Ridden Shires have been around for a number of years but really started to take off back in 2015 and 2016, says Victoria. The Horse of the Year Show (HOYS) has held a championship for ridden heavy horses since 2016 and there are now 14 qualifiers.
“The class is very popular and one that the crowds love to watch. This and ridden classes in general have definitely shown the diversity of the breed and has opened it up to a new audience.
“At the National Shire Show each March, the ridden classes are among the most popular. Entries are high and we have seen 30 entered and put forward for the HOYS qualifier class. It is some sight to see them all enter the arena.
“I think it will help the breed going forward and it is hoped that numbers bred will start to rise to meet demand for the ridden shire.”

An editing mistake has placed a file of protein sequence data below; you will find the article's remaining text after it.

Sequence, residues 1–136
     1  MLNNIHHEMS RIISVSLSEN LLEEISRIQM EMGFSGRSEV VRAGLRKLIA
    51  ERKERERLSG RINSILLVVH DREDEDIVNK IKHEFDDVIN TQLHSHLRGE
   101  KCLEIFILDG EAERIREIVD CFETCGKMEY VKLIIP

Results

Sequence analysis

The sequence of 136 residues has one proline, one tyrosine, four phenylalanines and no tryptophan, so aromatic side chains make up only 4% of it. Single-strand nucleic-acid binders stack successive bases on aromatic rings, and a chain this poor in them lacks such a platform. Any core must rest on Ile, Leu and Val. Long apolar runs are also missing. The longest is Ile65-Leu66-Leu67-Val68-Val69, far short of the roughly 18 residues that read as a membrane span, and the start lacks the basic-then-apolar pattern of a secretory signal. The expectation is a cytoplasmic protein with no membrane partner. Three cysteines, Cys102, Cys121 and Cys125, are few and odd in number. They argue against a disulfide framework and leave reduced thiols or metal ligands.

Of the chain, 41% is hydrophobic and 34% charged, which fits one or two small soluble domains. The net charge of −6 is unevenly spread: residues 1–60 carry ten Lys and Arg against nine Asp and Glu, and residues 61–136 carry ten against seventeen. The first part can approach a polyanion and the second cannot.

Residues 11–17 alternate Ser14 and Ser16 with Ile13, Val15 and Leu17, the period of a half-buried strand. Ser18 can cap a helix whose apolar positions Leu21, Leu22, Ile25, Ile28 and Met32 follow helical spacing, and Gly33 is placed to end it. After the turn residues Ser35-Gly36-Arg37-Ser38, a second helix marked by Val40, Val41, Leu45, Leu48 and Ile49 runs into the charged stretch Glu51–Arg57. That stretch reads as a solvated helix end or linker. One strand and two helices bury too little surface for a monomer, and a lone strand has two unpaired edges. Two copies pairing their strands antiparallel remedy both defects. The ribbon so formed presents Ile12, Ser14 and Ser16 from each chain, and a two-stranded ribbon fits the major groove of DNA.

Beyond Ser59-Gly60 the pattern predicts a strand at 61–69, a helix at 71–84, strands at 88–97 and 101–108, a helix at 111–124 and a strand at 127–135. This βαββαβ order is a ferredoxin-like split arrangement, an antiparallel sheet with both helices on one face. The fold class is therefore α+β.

It is thanks to this, and the Shires’ heritage that Victoria believes the future for the breed is bright.
“The Shire horse is a very special animal. When you see one for the first time you can’t help but be impressed by its great size and its patient manner – people love them and it remains that much of the farming and countryside fraternity have a story whereby someone in their family worked with them.
“You cannot fail to be impressed by the size and that little bit of magic these horses bring.”
Resident Shires on the Wimpole Estate in Cambridgeshire are not only a part of its history, but also a presentday enterprise aimed at showcasing to visitors what they can do. Used for carriage rides, experience days and ridden work between the seasons, they have long been a firm favourite those visiting the National Trust owned site with many visitors, in ordinary times, travelling the length and breadth of the country for the carriage rides and Shire horse driving experience days on offer in the summer months.